CISA directs agencies to investigate if Russian hackers stole Microsoft account details

CISA's directive comes after Russian hackers broke into Microsoft's corporate email accounts and stole messages with customers, including federal agencies.

The Cybersecurity and Infrastructure Security Agency has directed multiple federal agencies to scrub their Microsoft accounts for signs of compromise after Russia-linked hackers potentially accessed agency passwords and other sensitive log-in details.

In an emergency directive publicly released today, CISA said multiple federal agencies had their email correspondence with Microsoft stolen by the Russian state-sponsored group “Midnight Blizzard.” CISA said the stolen emails pose a “grave” risk to the federal government.

The group gained access to sensitive agency information by compromising Microsoft’s corporate email accounts starting in January. The hackers are now trying to use the information in those stolen emails, which include authentication details, to gain additional access to Microsoft customer systems, CISA said.

“Agencies have moved with extraordinary urgency to remediate any instances of potentially exposed credentials. This is something that every agency takes very seriously,” CISA Executive Assistant Director for Cybersecurity Eric Goldstein said in a call with reporters today. “And so working with CISA, agencies have undertaken the right level of urgent remediation pursuant to this directive.”

The emergency directive was first sent to agencies on April 2.  CyberScoop first reported on the existence of the emergency directive.

Goldstein declined to say how many agencies have had their emails stolen in the breach, noting that Microsoft’s investigation is ongoing and the number could change. “That analysis is ongoing,” he said.

But Goldstein said CISA is not aware of any agencies having their production systems compromised as a result of stolen credentials connected to the Midnight Blizzard hack.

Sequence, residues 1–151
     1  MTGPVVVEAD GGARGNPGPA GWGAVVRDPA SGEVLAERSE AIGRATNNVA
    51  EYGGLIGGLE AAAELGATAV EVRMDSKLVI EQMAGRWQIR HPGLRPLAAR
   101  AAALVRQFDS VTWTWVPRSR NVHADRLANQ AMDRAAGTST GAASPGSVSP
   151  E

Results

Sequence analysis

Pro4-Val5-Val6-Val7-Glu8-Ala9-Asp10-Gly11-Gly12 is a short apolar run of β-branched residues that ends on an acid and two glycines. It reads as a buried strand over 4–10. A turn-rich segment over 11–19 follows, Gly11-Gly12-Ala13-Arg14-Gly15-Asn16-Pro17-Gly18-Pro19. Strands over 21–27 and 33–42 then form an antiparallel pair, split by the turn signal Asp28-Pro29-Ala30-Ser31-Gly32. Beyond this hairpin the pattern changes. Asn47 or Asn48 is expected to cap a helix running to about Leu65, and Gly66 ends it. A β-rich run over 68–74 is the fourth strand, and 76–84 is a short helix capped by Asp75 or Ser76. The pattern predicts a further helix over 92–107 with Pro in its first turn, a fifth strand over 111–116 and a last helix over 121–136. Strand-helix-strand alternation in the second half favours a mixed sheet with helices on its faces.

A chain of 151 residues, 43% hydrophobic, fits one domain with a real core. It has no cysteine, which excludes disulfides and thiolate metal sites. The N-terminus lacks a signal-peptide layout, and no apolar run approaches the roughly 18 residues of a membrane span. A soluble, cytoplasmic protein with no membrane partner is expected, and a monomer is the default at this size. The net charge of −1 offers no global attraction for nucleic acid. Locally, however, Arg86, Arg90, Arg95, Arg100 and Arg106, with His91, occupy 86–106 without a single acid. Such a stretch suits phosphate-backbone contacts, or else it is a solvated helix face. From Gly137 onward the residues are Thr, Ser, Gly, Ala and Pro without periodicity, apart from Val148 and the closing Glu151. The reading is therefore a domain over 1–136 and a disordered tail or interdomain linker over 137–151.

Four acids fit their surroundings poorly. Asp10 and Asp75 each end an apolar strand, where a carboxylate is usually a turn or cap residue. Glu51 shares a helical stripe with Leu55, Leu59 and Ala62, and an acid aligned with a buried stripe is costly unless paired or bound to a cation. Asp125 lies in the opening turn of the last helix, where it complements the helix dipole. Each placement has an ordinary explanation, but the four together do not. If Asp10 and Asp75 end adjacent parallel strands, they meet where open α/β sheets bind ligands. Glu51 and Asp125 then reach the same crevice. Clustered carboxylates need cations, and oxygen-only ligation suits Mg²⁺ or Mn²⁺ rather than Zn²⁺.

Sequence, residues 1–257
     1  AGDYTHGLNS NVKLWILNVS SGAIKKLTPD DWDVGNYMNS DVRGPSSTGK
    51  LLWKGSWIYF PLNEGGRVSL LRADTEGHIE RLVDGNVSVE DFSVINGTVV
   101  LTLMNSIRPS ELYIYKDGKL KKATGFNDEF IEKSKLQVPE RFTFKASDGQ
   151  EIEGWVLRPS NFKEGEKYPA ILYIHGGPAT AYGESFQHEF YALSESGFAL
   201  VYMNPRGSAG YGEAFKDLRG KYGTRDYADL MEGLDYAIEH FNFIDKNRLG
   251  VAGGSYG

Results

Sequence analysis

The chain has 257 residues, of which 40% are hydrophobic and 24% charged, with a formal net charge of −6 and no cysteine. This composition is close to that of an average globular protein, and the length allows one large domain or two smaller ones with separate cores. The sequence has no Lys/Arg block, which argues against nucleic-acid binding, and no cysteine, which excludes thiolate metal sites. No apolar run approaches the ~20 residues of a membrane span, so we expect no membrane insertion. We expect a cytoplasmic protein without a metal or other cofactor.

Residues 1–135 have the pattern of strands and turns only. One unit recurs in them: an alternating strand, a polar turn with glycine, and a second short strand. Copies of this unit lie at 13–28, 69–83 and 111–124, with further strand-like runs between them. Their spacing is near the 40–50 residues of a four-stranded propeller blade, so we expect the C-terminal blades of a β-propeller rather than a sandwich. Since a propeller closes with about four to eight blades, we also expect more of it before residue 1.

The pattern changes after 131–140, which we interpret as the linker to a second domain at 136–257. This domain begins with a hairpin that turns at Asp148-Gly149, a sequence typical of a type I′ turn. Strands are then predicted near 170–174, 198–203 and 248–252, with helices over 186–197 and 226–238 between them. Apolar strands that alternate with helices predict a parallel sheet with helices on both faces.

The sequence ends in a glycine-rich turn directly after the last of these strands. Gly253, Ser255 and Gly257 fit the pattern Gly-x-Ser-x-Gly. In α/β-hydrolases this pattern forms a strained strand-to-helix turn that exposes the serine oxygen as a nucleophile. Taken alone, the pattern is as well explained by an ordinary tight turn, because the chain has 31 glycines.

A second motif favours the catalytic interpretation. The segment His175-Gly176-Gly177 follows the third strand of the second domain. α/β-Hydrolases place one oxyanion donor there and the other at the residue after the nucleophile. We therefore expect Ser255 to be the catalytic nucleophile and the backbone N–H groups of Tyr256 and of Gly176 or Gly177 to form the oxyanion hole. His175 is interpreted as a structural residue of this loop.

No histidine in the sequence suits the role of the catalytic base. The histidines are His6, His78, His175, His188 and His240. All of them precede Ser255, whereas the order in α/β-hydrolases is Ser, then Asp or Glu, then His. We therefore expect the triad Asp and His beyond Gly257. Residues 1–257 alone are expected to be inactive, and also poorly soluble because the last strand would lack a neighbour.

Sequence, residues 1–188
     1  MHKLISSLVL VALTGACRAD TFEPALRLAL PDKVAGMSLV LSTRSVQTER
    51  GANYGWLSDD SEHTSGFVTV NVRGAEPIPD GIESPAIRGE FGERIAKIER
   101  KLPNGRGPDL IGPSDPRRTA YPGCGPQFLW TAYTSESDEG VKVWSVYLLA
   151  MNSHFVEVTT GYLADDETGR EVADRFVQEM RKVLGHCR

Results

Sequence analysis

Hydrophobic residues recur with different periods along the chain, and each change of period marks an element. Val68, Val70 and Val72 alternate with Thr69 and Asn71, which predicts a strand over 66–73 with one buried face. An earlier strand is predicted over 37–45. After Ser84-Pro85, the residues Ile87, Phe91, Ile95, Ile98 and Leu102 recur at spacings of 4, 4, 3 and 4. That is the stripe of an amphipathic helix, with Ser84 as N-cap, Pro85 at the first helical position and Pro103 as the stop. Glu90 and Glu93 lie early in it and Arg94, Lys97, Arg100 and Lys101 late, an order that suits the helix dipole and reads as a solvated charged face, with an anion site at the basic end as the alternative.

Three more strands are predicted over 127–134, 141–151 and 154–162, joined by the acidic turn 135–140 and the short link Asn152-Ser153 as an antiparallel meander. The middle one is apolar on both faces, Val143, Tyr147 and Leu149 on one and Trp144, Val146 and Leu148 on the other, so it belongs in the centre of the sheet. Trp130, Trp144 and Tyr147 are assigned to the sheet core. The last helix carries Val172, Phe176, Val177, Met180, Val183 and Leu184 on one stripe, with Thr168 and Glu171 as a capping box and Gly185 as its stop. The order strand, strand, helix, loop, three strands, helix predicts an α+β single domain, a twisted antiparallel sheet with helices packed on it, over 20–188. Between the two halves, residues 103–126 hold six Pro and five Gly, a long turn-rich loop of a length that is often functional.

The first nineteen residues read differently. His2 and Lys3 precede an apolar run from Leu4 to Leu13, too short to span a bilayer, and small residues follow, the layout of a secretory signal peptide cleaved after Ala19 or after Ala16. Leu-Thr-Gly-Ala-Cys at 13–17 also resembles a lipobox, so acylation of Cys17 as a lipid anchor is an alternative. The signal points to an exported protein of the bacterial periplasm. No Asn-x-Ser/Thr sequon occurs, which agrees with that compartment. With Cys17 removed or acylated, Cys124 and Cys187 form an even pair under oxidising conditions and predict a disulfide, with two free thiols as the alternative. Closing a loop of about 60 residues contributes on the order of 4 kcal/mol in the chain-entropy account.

Microsoft has identified a “subset” of affected agencies where the hackers may have accessed emails containing sensitive authentication data, such as credentials or passwords. The emergency directive requires those agencies to take “immediate remediation action for tokens, passwords, API keys, or other authentication credentials known or suspected to be compromised.”

They then have until April 30 to reset credentials in associated applications and deactivate associated applications that are no longer in use.

CISA has directed all other affected agencies to “take steps to identify the full content of the agency correspondence with compromised Microsoft accounts and perform a cybersecurity impact analysis.”

Goldstein acknowledged that the sharing of passwords and authentication details via email is not a “best practice.”

“Without speaking to the breadth of potential use cases, that might be at issue here, it is at times the case that authentication credentials may be shared as part of a troubleshooting ticket, might be shared as part of a code snippet between organizations in order to fix or remediate an issue or bug,” Goldstein said. “That is certainly not a best practice and is one that does associate with a significant degree of risk.”

The emergency directive comes little more than a week after a report by the Cyber Safety Review Board slammed Microsoft for its “inadequate” security culture. The review board said Microsoft’s lax security practices were to blame for the summer 2023 Microsoft Exchange Online intrusion.

The CSRB report also took note of the Midnight Blizzard compromises. Since first reporting the intrusions in January, Microsoft has recently said the hackers also gained access to some of Microsoft’s source code repositories and internal systems.

“While this second intrusion was outside of the scope of the board’s current review, the board is troubled that this new incident occurred months after the Exchange Online compromise covered in this review,” the CSRB wrote. “This additional intrusion highlights the board’s concern that Microsoft has not yet implemented the necessary governance or prioritization of security to address the apparent security weaknesses and control failures within its environment and to prevent similar incidents in the future.”

Microsoft has come under fire from some outside commenters and at least one lawmaker, Sen. Ron Wyden (D-Ore.), as a result of the CSRB report.

Commenting today on CISA’s emergency directive, Roger Cressey, a former senior national security official in the Clinton and Bush administrations, criticized Microsoft’s security practices.

“Microsoft continues to be exploited by Russia and China because the products Microsoft supplies to the U.S. government repeatedly fail the security test,” Cressey said. “The CSRB in its recent report made clear Microsoft’s security failures are posing a threat to our national security. The federal government needs to take decisive action now to compel Microsoft to change its behavior.”


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